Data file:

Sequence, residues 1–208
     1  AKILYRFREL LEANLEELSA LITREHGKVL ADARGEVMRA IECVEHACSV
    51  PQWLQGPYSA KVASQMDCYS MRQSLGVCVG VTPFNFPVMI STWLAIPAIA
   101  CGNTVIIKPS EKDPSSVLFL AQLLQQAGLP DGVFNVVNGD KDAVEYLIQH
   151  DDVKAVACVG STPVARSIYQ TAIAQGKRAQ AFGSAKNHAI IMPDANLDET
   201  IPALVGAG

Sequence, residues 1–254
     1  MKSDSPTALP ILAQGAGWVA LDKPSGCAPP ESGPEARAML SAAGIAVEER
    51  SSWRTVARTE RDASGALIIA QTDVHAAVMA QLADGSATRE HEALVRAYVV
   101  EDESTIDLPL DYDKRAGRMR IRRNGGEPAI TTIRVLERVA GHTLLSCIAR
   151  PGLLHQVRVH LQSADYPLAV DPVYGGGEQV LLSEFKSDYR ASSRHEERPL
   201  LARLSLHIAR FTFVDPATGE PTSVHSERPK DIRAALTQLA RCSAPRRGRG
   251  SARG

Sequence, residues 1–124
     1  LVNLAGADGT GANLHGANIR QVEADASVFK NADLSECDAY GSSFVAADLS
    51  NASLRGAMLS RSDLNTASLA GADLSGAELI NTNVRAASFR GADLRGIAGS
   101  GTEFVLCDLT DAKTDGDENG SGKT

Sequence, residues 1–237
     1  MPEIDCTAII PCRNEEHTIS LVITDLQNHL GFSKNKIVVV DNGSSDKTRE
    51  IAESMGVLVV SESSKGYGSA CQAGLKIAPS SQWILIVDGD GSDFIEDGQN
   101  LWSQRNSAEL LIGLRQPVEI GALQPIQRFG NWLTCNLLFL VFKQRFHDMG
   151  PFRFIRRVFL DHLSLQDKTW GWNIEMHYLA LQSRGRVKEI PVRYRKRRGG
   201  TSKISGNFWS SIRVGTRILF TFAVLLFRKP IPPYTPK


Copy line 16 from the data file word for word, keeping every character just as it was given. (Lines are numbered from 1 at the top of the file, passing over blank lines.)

    51  NASLRGAMLS RSDLNTASLA GADLSGAELI NTNVRAASFR GADLRGIAGS